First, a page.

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When last I roved these winding wood-walks green,
We were two pretty babes, the youngest she,
AT OSTEND, JULY 22, 1787.
How sweet the tuneful bells' responsive peal!
As when, at opening morn, the fragrant breeze
Breathes on the trembling sense of wan disease, So piercing to my heart their force I feel ! And hark! with lessening cadence now they fall,
And now, along the white and level tide,
They fling their melancholy music wide; Bidding me many a tender thought recall Of summer days, and those delightful years
When by my native streams, in life's fair prime,
The mournfiul magic of their mingling chime First waked my wond'ring childhood into tears ! But seeming now, when all those days are o'er, The sounds of joy once heard, and heard no more.
Go, then, and join the roaring city's throng !
Me thou dost leave to solitude and tears,
To busy fantasies, and boding fears,
Live happy; sometimes the forsaken shade
Rememb'ring, and these trees now left to fade ; Nor, 'mid the busy scenes and “hum of men," Wilt thou my cares forget: in heaviness
To me the hours shall roll, weary and slow,
Till, mournful autumn past, and all the snow Of winter pale! the glad hour I shall bless, That shall restore thee from the crowd again, To the green hamlet in the peaceful plain.
There is strange music in the stirring wind,
When lowers the autumnal eve, and all alone
To the dark wood's cold covert thou art gone, Whose ancient trees on the rough slope reclined Rock, and at times scatter their tresses sear.
If in such shades, beneath their murmuring,
Thou late hast passed the happier hours of spring, With sadness thou wilt mark the fading year; Chiefly if one, with whom such sweets at morn
Or eve thou'st shared, to distant scenes shall stray.
O Spring, return! return, auspicious May!
WHOSE was the gentle voice, that, whispering sweet,
Promised, methought, long days of bliss sincere ?
Soothing it stole on my deluded ear, Most like soft music, that might sometimes cheat Thoughts dark and drooping! 'Twas the voice of Hope !
Of love and social scenes, it seemed to speak,
Of truth, of friendship, of affection meek;
Ah me! the prospect saddened as she sung;
Loud on my startled ear the death-bell rung;
How shall I meet thee, Summer, wont to fill
My heart with gladness, when thy pleasant tide *First came, and on each coomb's romantic side Was heard the distant cuckoo's hollow bill? Fresh flowers shall fringe the wild brink of the stream,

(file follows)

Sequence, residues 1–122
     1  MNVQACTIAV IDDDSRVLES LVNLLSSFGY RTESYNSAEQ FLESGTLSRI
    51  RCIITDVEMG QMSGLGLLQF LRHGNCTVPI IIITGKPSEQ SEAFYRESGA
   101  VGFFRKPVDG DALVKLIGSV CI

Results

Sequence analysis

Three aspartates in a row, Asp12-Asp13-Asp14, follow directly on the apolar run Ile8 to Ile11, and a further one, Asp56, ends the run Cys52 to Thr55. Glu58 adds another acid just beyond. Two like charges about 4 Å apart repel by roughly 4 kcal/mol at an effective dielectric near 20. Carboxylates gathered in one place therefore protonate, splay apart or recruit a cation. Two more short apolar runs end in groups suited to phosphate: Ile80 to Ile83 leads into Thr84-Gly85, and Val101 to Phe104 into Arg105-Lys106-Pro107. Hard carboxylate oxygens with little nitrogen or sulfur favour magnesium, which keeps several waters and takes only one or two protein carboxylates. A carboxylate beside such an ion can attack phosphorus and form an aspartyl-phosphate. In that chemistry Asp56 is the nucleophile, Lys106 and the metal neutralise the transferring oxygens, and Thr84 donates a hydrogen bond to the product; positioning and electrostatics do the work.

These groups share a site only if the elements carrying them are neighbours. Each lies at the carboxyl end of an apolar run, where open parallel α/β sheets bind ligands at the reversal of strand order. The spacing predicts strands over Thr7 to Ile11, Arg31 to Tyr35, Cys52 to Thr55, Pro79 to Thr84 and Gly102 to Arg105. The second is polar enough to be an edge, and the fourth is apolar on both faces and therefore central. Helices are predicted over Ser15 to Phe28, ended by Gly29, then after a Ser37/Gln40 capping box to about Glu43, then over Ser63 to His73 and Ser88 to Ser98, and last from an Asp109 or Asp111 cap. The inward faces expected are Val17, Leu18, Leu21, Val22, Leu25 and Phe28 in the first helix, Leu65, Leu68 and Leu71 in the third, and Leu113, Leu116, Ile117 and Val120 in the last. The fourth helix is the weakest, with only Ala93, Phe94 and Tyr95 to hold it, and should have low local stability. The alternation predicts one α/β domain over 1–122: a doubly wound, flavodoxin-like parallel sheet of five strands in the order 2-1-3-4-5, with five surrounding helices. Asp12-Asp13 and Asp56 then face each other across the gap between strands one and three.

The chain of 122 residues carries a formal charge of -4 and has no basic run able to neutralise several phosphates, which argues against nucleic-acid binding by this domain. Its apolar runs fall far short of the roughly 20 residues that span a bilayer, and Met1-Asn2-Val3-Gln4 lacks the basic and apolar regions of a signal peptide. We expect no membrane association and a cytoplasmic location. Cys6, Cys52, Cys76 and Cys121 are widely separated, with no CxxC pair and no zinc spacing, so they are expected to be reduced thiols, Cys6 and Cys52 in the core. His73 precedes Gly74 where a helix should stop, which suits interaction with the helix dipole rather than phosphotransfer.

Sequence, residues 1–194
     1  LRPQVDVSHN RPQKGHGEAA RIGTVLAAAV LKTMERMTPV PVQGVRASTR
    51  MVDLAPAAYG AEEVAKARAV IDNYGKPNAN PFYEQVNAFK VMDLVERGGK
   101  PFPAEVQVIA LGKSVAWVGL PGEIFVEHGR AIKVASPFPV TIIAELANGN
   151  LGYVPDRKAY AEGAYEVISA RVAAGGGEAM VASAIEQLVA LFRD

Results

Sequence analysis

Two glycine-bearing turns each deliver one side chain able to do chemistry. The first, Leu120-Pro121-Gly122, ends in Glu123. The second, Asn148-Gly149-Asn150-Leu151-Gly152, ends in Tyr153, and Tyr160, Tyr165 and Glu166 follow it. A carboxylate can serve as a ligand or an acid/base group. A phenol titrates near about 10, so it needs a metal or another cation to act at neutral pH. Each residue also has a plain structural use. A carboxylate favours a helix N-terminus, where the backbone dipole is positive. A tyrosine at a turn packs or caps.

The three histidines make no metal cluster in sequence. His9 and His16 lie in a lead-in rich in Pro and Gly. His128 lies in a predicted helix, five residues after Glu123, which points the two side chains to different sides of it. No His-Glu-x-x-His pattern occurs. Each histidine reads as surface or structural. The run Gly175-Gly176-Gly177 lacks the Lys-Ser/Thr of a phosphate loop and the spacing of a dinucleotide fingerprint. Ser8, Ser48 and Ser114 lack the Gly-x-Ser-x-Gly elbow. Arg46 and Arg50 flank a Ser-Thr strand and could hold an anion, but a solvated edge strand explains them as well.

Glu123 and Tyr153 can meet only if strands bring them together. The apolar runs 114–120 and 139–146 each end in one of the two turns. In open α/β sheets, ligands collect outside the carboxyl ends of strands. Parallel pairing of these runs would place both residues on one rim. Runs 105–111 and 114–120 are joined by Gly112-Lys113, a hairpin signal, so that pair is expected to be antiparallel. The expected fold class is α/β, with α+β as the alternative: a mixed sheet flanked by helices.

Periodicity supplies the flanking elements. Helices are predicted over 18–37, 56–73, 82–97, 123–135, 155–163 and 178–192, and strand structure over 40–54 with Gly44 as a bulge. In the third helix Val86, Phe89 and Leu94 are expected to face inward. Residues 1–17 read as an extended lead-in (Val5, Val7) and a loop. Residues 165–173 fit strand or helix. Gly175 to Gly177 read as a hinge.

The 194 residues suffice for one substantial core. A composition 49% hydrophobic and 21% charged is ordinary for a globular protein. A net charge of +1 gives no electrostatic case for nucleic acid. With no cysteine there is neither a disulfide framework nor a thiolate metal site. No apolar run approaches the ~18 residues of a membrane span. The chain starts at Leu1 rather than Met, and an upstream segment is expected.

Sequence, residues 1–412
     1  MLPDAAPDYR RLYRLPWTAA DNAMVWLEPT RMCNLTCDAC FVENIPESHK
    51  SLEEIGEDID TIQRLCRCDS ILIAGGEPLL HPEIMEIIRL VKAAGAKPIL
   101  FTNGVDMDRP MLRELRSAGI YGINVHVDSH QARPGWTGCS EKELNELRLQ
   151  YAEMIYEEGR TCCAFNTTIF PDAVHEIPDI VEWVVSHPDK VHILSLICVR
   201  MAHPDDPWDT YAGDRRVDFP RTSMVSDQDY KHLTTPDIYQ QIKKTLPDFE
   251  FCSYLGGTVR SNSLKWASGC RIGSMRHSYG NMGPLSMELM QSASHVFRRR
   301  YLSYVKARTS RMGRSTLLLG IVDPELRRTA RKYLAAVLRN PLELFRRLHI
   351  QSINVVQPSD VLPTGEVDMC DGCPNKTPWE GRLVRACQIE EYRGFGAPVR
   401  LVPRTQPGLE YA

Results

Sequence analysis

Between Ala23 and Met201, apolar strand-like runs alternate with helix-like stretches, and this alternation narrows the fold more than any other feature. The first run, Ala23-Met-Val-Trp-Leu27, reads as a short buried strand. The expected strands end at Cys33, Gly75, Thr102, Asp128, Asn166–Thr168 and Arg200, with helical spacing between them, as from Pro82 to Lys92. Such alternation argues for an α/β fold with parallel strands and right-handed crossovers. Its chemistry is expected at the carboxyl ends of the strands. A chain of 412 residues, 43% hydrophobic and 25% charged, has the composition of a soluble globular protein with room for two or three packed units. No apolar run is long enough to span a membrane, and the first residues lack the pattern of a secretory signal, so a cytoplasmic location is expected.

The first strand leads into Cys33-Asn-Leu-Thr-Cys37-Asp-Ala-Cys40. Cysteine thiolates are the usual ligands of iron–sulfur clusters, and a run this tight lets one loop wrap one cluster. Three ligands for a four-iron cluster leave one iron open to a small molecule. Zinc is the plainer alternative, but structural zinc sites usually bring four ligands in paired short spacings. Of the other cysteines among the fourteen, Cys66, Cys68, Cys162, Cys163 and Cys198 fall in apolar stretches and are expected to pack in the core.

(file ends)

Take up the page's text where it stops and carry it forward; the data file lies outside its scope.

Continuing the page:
As with the song of joyance and of hope,
The hedge-rows shall ring aloud, and on the slope
Thinking their May-tide fragrance might delight,
Shall put forth their green shoot, and cheer the sight! But I shall mark their hues with sickening eyes, And weep for her who in the cold grave lies !
ON A DISTANT VIEW OF ENGLAND
Ah! from mine eyes the tears unbidden start,
Albion, as now thy cliffs (that white appear
Far o'er the wave, and their proud summits rear To meet the beams of morn) my beating heart With eager hope and filial transport hails.
Scenes of my youth; reviving gales, ye bring,
As when erewhile the tuneful morn of Spring
Fled are those hours, and all the joys they gave,
Yet still I gaze and count each rising wave That bears me nearer to your haunts again; If haply, 'mid those woods and vales so fair, Stranger to peace, I yet may meet her there.
On these white cliffs, that calm above the flood,
Uplift their shadowing heads, and, at their feet,
And o'er the distant billows the still eve
Sailed slow, has thought of all his heart must leave To-morrow; of the friends he loved most dear; Of social scenes, from which he wept to part:
But, if like me, he knew how fruitless all
The thoughts that would full fain the past recall, Soon would he quell the risings of his heart, And brave the wild winds and unhearing tideThe world his country, and his God his guide.
O Time! who know'st a lenient hand to lay
Softest on sorrow's wound, and slowly thence
(Lulling to sad repose the weary sense) The faint pang stealest, unperceived, away ; On thee I rest my only hope at last,
And think, when thou hast dried the bitter tear
That flows in vain o'er all my soul held dear,
As some lone bird, at day's departing hour
Sings in the sunbeam of the transient shower, Forgetful, though its wings are wet the while :Yet, ah! how much must that
heart endure, Which hopes from thee, and thee alone, a cure !